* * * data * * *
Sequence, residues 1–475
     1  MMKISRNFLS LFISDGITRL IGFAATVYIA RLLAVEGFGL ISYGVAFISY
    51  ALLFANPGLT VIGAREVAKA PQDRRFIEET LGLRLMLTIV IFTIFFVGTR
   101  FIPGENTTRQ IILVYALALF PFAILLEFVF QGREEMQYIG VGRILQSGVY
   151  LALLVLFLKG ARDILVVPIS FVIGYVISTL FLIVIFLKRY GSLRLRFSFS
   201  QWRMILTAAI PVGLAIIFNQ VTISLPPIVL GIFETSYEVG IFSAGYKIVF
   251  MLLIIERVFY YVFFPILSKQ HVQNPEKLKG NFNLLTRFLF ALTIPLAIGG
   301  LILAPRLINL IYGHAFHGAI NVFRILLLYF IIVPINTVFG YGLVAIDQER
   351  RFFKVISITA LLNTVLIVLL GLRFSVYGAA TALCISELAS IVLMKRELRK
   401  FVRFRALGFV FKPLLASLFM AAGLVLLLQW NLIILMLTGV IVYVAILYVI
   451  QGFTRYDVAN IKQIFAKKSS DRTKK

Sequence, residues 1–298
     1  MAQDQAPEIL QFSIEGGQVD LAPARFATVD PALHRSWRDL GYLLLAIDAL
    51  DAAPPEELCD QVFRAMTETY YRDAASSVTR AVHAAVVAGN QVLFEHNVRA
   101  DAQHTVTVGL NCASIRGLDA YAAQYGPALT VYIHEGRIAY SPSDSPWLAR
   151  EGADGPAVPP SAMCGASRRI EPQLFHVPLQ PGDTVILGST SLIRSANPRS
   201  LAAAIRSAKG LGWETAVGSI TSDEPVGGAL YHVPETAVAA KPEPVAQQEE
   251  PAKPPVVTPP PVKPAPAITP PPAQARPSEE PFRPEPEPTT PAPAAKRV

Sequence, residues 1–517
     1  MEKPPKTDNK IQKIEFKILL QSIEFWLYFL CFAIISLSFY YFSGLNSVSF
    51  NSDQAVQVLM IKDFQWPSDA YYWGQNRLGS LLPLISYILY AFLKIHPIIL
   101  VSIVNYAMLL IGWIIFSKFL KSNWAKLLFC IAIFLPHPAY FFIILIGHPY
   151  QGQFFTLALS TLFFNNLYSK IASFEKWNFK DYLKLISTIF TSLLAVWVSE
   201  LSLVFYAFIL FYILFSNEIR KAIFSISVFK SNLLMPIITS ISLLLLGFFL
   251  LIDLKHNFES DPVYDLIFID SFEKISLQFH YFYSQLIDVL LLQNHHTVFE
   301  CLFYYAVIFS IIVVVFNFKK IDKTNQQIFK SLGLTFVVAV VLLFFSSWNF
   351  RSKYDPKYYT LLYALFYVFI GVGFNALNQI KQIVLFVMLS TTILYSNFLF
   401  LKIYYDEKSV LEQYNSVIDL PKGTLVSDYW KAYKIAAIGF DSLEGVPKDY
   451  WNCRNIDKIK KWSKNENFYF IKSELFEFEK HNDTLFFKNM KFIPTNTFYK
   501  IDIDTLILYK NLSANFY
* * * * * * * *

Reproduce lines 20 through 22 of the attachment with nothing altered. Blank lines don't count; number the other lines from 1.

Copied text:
     1  MEKPPKTDNK IQKIEFKILL QSIEFWLYFL CFAIISLSFY YFSGLNSVSF
    51  NSDQAVQVLM IKDFQWPSDA YYWGQNRLGS LLPLISYILY AFLKIHPIIL
   101  VSIVNYAMLL IGWIIFSKFL KSNWAKLLFC IAIFLPHPAY FFIILIGHPY